Tribal fighters take part in a military training to prepare for fighting against Islamic State militants, at the Ain al-Assad military base in Anbar province November 15, 2014. REUTERS/Stringer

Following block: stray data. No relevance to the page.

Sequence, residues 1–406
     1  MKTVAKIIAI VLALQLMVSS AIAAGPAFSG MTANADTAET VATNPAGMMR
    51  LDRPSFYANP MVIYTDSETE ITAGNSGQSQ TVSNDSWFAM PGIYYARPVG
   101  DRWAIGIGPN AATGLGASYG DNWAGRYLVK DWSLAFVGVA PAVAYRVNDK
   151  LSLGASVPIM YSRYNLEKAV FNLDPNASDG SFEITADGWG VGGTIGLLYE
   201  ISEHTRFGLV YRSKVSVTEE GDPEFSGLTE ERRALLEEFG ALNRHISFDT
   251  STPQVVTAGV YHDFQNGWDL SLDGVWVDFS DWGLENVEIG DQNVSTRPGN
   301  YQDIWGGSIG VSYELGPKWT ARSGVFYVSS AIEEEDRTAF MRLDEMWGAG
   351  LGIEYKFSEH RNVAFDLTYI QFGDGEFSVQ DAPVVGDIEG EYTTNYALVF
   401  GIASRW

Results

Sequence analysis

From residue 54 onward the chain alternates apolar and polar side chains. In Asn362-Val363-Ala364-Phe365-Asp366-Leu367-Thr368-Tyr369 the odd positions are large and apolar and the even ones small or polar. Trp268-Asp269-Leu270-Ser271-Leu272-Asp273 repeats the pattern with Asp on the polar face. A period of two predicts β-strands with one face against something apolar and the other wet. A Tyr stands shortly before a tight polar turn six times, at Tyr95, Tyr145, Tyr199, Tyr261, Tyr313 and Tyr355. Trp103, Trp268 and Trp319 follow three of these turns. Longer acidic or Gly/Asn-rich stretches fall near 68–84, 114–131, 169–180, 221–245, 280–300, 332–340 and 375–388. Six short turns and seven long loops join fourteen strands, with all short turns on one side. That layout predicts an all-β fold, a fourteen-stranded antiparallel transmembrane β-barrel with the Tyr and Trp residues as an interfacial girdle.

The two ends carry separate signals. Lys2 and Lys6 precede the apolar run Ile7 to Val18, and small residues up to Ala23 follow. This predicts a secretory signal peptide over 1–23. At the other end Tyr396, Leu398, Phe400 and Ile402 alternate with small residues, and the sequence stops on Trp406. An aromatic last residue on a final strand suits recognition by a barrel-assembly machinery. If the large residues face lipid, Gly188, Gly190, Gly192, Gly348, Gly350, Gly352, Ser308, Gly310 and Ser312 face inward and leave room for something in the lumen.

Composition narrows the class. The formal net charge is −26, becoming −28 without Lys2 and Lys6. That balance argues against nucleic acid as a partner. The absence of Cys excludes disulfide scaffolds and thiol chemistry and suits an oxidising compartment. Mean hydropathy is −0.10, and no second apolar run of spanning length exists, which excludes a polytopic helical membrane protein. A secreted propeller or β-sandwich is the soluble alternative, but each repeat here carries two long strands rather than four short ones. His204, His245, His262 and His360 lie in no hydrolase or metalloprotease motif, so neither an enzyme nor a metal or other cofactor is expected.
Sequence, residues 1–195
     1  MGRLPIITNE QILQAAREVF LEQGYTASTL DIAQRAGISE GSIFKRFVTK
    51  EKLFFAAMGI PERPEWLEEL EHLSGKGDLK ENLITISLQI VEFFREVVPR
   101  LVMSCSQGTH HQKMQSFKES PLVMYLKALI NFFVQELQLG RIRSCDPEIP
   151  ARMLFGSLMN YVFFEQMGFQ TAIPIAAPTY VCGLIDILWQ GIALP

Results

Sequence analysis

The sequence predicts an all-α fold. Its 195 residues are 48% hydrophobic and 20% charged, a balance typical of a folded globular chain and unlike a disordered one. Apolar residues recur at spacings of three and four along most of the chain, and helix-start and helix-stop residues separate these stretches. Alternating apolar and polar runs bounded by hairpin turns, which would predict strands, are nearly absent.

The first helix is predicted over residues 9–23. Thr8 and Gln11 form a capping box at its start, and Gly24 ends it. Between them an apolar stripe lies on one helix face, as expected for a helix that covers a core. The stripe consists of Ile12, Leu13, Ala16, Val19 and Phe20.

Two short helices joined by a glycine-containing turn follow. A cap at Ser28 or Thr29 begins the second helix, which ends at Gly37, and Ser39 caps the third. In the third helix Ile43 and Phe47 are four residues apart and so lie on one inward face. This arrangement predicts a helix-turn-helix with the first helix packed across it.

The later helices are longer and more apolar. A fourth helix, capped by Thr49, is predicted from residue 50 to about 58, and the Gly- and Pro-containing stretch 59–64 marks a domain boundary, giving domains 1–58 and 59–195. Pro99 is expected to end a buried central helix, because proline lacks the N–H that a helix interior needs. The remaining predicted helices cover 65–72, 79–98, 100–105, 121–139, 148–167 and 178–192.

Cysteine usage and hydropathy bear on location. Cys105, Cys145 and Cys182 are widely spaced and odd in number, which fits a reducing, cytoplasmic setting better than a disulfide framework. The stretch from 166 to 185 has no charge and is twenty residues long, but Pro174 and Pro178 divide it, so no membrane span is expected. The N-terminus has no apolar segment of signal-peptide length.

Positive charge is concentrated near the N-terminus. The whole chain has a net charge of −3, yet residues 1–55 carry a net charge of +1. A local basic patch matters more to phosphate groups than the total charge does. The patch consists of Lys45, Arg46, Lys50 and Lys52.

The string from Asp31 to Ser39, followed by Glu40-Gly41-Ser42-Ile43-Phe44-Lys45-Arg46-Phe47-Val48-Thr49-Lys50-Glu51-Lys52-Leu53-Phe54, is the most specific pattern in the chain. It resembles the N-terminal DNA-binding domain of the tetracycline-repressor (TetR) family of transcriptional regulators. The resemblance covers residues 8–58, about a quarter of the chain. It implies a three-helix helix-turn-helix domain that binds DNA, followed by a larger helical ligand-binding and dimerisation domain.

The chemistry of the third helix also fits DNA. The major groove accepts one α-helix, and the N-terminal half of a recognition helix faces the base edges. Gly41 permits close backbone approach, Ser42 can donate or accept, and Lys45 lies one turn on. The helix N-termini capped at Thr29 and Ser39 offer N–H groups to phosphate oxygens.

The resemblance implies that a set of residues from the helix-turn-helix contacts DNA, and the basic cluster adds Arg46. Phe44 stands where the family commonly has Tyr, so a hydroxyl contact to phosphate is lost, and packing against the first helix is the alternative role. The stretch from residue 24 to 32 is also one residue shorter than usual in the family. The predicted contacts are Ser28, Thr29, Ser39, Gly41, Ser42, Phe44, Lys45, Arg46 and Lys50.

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Islamic State's systematic massacre of hundreds of Iraq's Albu Nimr tribe should have been an unmistakable wake up call for a country that may not be able to stabilise without long-term support from Sunni tribesmen.The Albu Nimr were one of the Sunni tribes that helped the U.S. Marines defeat al Qaeda in Iraq's vast Western Anbar province during the 2006-2007 "surge" offensive, a strategy Washington hopes Iraq can now repeat against Islamic State.An Albu Nimr leader told Reuters that about 3,000 fighters were primed and ready to join up with Iraqi forces at the Ain al-Asad base, but security forces would only allow about 100 Albu Nimr members of them to gather there.That mistrust goes both ways: About two weeks before Dempsey arrived, word spread that Iranian-backed Shi'ite militia fighters were gearing up to help the Albu Nimr. But Anbar council chief Karhoot likened the Shi'ite militias fighters to Islamic State militants and said he would not work with them.Other parts of Iraq are also complaining that the Baghdad government should be doing more to reach out to them.
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